Introduction to Hive
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Outline
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Motivation
Overview
Data Model
Working with Hive
DDL Operations
Custom mapper scripts
User Defined Functions
Wrap up & Conclusions
Background
 Started at Facebook
 Data was collected by nightly
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cron jobs into Oracle DB
“ETL” via hand- coded python
Grew from 10s of GBs (2006)
to 1 TB/day new data
(2007),now 10x that.
Hive Applications
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Log processing
Text mining
Document indexing
Customer-facing business intelligence (e.g., Google Analytics)
Predictive modeling, hypothesis testing
Hive Components
 Shell: allows interactive queries like MySQL shell connected to
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database
- Also supports web and JDBC clients
Driver: session handles,fetch,execute
Compiler:parse,plan,optimize
Execution engine: DAG of stages (M/R, HDFS, or metadata)
Metastore: schema, location in HDFS,SerDe
Data Model
 Tables
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– Typed columns (int, float, string, boolean)
– Also, list: map (for JSON-like data)
Partitions
– e.g., to range-partition tables by date
Buckets
– Hash partitions within ranges (useful for sampling, join
optimization)
Metastore
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Database: namespace containing a set of tables
Holds table definitions (column types, physical layout)
Partition data
Uses JPOX ORM for implementation; can be stored in
Derby, MySQL, many other relational databases
Physical Layout
 Warehouse directory in HDFS
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– e.g., /user/hive/warehouse
Tables stored in
subdirectories of
warehouse
– Partitions form subdirectories of tables
Actual data stored in flat files
– Control char-delimited text, or SequenceFiles
– With custom SerDe, can use arbitrary format
Starting the Hive shell
 Start a terminal and run
$hive
 Should see a prompt like:
hive>
Creating tables
 hive> SHOW TABLES;
 hive> CREATE TABLE shakespeare (freq INT, word STRING) ROW
FORMAT DELIMITED FIELDS TERMINATED BY „\t‟ STORED AS
TEXTFILE;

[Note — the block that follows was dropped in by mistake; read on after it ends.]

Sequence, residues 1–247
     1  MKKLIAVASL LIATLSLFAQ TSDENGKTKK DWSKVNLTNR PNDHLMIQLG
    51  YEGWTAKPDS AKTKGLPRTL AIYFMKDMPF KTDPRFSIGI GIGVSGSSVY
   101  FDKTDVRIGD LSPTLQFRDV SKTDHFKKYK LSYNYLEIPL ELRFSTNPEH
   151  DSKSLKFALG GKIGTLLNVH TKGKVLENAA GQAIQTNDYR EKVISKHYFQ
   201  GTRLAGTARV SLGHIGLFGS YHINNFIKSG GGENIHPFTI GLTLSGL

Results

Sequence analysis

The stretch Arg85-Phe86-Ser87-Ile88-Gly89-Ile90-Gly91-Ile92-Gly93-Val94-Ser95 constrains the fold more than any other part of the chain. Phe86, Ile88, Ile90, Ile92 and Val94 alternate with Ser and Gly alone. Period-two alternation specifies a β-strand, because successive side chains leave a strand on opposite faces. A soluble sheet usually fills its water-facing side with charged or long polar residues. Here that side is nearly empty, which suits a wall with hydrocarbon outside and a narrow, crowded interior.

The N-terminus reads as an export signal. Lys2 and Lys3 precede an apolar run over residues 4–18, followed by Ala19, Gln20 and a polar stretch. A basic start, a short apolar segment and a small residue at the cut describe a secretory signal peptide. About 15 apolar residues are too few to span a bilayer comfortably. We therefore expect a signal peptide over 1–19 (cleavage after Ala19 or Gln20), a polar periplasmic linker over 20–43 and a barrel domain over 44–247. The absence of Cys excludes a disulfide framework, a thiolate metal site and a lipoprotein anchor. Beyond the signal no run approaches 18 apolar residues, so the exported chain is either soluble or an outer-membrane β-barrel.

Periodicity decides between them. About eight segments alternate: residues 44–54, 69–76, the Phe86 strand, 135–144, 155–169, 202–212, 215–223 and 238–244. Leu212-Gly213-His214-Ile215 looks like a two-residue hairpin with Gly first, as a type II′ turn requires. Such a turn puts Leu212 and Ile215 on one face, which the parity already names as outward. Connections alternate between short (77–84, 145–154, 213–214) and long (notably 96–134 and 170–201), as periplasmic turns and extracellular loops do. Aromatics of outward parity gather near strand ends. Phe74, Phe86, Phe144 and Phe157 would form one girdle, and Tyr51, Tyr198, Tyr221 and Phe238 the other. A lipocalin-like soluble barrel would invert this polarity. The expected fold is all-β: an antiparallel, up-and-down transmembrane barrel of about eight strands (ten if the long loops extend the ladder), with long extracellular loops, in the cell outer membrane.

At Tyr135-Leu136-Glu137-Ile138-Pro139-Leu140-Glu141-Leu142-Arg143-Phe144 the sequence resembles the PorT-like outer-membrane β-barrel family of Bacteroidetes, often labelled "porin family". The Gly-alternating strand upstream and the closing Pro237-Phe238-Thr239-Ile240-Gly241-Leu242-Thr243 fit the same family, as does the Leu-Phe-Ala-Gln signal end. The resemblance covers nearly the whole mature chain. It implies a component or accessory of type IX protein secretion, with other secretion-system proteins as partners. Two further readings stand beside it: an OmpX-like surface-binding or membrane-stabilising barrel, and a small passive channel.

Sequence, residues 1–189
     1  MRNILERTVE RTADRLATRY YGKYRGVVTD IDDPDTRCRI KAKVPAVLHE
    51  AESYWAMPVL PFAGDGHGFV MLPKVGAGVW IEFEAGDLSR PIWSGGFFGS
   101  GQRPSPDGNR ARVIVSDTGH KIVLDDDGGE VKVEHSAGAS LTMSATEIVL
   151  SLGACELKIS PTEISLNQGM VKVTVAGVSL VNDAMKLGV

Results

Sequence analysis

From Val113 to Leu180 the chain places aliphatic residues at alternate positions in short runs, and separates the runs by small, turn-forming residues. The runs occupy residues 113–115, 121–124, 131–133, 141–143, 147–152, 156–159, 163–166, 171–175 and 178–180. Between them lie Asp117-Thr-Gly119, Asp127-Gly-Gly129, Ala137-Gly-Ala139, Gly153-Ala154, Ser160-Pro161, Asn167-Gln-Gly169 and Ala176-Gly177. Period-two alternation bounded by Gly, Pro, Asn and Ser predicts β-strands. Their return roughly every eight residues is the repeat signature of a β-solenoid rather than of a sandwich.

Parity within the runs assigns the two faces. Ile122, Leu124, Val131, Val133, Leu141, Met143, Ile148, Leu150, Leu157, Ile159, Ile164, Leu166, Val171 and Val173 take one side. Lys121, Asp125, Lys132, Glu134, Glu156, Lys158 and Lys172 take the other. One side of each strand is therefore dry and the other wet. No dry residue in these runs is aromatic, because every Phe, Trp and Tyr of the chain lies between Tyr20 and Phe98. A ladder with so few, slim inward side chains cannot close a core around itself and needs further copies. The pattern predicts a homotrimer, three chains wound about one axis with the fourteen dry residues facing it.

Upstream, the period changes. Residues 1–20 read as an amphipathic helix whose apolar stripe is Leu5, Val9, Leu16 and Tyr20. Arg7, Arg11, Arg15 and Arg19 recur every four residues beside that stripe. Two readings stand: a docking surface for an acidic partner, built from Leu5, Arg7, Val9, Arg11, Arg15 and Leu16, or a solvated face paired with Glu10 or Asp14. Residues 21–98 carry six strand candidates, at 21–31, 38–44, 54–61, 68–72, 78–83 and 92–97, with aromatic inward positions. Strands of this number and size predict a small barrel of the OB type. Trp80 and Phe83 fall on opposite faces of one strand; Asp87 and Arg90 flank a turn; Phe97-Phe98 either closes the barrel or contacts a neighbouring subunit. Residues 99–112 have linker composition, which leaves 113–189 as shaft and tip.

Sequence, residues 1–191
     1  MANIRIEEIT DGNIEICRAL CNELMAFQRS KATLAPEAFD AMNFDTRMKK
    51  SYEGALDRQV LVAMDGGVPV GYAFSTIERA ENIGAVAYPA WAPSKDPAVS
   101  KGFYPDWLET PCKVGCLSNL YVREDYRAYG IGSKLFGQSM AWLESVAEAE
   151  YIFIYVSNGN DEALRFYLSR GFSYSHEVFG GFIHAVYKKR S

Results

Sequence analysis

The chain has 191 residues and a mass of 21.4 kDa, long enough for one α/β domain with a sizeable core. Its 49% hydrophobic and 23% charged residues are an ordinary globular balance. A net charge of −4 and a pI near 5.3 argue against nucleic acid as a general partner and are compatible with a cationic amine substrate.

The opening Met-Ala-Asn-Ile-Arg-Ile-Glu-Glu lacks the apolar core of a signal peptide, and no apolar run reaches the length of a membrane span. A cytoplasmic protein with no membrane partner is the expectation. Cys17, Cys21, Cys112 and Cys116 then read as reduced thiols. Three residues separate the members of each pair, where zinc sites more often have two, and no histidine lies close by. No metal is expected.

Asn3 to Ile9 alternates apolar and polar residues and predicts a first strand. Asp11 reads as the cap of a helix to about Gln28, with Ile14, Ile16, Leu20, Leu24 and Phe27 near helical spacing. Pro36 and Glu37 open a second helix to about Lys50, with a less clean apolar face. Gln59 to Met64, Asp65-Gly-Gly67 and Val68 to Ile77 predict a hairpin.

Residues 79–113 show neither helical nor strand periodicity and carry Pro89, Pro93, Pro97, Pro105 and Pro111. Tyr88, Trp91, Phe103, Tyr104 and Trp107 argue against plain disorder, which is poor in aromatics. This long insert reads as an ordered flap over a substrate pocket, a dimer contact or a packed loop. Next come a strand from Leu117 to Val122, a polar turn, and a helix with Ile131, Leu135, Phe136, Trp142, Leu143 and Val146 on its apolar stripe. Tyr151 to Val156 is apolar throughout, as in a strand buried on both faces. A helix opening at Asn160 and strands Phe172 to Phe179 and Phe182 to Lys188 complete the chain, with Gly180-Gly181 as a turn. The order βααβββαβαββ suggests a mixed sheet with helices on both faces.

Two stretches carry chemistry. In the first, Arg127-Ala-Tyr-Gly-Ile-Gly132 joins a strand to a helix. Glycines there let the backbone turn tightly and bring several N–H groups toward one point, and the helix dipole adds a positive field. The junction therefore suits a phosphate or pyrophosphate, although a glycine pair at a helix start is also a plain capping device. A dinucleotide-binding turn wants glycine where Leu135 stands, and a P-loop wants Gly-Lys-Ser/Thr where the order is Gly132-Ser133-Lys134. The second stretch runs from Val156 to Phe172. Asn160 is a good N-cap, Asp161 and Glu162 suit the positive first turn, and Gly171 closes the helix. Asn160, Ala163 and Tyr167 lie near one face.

 hive> DESCRIBE shakespeare;
Generating Data
 Let’s get (word, frequency) data from the Shakespeare data set:
 $hadoop jar \$HADOOP_HOME/hadoop-*-examples.jar \grep input
shakespeare_freq „\w+‟
Loading data
 Remove the MapReduce job logs:
$hadoop fs -rmr shakespeare_freq/_logs
 Load dataset into Hive:
hive> LOAD DATA INPATH “shakespeare_freq” INTO TABLE
shakespeare;
Selecting data
 hive> SELECT * FROM shakespeare LIMIT 10;
 hive> SELECT * FROM shakespeare WHERE freq > 100 SORT BY
freq ASC LIMIT 10;
Most common frequency
 hive> SELECT freq, COUNT(1) AS f2 FROM shakespeare GROUP
BY freq SORT BY f2 DESC LIMIT 10;
 hive> EXPLAIN SELECT freq, COUNT(1) AS f2 FROM shakespeare
GROUP BY freq SORT BY f2
DESC LIMIT 10;
Joining tables
 A powerful feature of Hive is the ability to create queries that join
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tables together
We have (freq, word) data for Shakespeare
Can also calculate it for KJV
Let’s see what words show up a lot in both
Create the dataset
 $cd ~/git/data
 $tar zxf bible.tar.gz
 $hadoop fs –put bible bible
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 $hadoop jar \$HADOOP_HOME/hadoop-*-examples.jar \grep bible
bible_freq „\w+‟
Create the new table
 hive> CREATE TABLE kjv (freq INT, word STRING) ROW FORMAT
DELIMITED FIELDS TERMINATED BY„\t‟ STORED AS TEXTFILE;
 hive> SHOW TABLES;
 hive> DESCRIBE kjv;
Import data to Hive
 $ hadoop fs –rmr bible_freq/_logs
 hive> LOAD DATA INPATH “bible_freq” INTO TABLE kjv;
Create an intermediate table
 hive> CREATE TABLE merged (word STRING, shake_f INT, kjv_f
INT);
Running the join
 hive> INSERT OVERWRITE TABLE merged SELECT s.word, s.freq,
k.freq FROM shakespeare s JOIN kjv k ON (s.word = k.word)
WHERE s.freq >= 1 AND k.freq >=
1;
 hive> SELECT * FROM merged LIMIT 20;
Most common intersections
 What words appeared most frequently in both corpuses?
 hive> SELECT word, shake_f, kjv_f, (shake_f +kjv_f) AS ss
FROM merged SORT BY ss LIMIT 20;
Manipulating Tables
 DDL operations
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• SHOW TABLES
• CREATE TABLE
• ALTER TABLE
• DROP TABLE
Loading data
Partitioning and bucketing
Creating Tables in Hive
 Most straightforward:
CREATE TABLE foo(id INT,msg STRING);
 Assumes default table layout
-Text files; fields terminated with ^A, lines terminated with \n
Changing Row Format
 Arbitrary field,record separators are possible. e.g., CSV format:
 CREATE TABLE foo(id INT, msg STRING)
ROW FORMAT
DELIMITED FIELDS TERMINATED BY “,” LINES TERMINATED BY
“\n”;
 Does not support “OPTIONALLY ENCLOSED BY” escape syntax
MapReduce Text Output
 CREATE TABLE foo(id INT, msg
STRING) ROW FORMAT
DELIMITED FIELDS TERMINATED BY„\t‟
LINES TERMINATED
BY „\n‟;
SequenceFile Storage
 CREATE TABLE foo(id INT, msg STRING) STORED AS
SEQUENCEFILE;
 Can also explicitly say “STORED AS TEXTFILE”
Data Types
 Primitive types:
– TINYINT
– INT
– BIGINT
– BOOLEAN
– DOUBLE
– STRING
 Type constructors:
– ARRAY < primitive-type >
– MAP < primitive-type, primitive-type >
Loading Data
HDFS-resident data:
LOAD DATA INPATH „mydata‟ [OVERWRITE] INTO TABLE foo;
Local filesystem data:
LOAD DATA LOCAL INPATH “mydata” INTO TABLE foo;
Subquery
 Subquery syntax
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SELECT ... FROM (subquery) name ...
Hive supports sub queries only in the FROM clause. The subquery
has to be given a name because every table in a FROM clause must
have a name.